What Is Child Labor

What Are Child Labor Statistics?

When it comes to child labor, statistics run the risk of reducing the problem to a litany of numbers, but it’s important to remember that these numbers represent real children with their own stories. Now, let’s consider some of those statistics.

There are about 152 million children considered to be victims of child labor around the world. Almost half of them, 73 million, are employed in hazardous jobs, and up to a fourth of all hazardous labor is done by children under 12 years of age. The industrial sector, including mining, makes up about 12 percent of all child labor.[1]

According to one report, an estimated 40 percent of artisanal miners in the Democratic Republic of the Congo (DRC) are children. Of the more than 50 child miners surveyed and interviewed, 19 percent said they had seen another child die on the mining site, 87 percent said they experience body pain, many had been injured, 67 percent had frequent coughs and several girls reported genital infections from working in waist-deep acidic water. An eight-year-old working in a mine alongside his mother said, “Since working here, I have problems with my skin, body pains, and pain in my eyes.” These children are at risk of falling down mine shafts or being trapped in tunnels.[2] This is just one work site in one country in a world full of child labor. Annually, there are 2.78 million deaths around the globe related to child labor, and 374 million injuries and illnesses caused by child labor.[3]

For 15-year-old Lukasa, the mines of DRC were his life.[4]

Every day began at 5 am for a two-hour trek to the cobalt mine. There, he spent eight hours hacking at rocks, then carried as much as 22 pounds at a time for two more hours to a trading depot to sell it. On a good day, Lukasa could make about $9 before taking the long walk home to rest and do it all over again the next day.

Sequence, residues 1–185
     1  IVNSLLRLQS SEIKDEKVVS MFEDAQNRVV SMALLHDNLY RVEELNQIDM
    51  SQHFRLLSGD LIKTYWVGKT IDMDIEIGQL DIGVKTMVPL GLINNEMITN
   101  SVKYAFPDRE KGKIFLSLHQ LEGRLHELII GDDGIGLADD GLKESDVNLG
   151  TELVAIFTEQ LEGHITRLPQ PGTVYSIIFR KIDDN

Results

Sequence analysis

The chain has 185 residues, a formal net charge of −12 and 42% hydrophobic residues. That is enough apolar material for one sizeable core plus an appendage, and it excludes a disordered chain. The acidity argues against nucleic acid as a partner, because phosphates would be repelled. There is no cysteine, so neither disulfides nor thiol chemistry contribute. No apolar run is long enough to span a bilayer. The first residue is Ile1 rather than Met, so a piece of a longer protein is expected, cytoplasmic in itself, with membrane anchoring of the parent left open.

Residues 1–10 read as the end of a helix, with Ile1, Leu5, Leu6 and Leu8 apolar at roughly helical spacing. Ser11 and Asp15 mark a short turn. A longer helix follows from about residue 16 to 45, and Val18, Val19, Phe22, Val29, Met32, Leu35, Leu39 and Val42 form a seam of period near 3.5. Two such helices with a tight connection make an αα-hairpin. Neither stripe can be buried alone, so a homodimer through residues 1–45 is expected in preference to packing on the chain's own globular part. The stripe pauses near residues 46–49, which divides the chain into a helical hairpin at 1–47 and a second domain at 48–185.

DRC’s economy relies on cobalt; it produces 65 percent of the world’s total cobalt supply, and it relies on child labor to mine it.[5]

GFA World is working to combat these tragic statistics, making efforts against child labor in places like Africa and Asia through its child sponsorship program and educating parents on the harmful effects of child labor on their kids, both in the present and in their futures. It only takes a little to change a child’s life forever, to give them hope and a future, so consider sponsoring a child through GFA World.

Learn more about what is child labor

[1] Maki, Reid. “10 Basic Facts about Child Labor Globally.” The Child Labor Coalition. https://stopchildlabor.org/the-basic-facts-about-child-labor-globally-from-the-ilo. July 16, 2018.
[2] Reid, Kathryn. “Child Labor: Children Reveal Horror of Working in Mines.” World Vision. https://www.worldvision.org/child-protection-news-stories/child-labor-children-reveal-horror-working-mines. June 12, 2013.
[3] Schein, Lisa. “Half the World’s 152 Million Child Laborers Do Hazardous Work”Voice of America https://www.voanews.com/a/half-the-world-s-152-million-child-laborers-do-hazardous-work/4432362.html. June 10, 2018.
[4] Walt, Vivienne & Meyer, Sebastian. “Blood, Sweat, and Batteries.” Fortune. https://fortune.com/longform/blood-sweat-and-batteries. August 23, 2018.
[5] Shuyan, Devashish. “How Blockchain Can Help Fight Child Labor Abuses in Congo’s Cobalt Supply Chain” Bitcoin News https://www.livebitcoinnews.com/how-blockchain-can-help-fight-child-labor-abuses-in-congos-cobalt-supply-chain/. August 28, 2018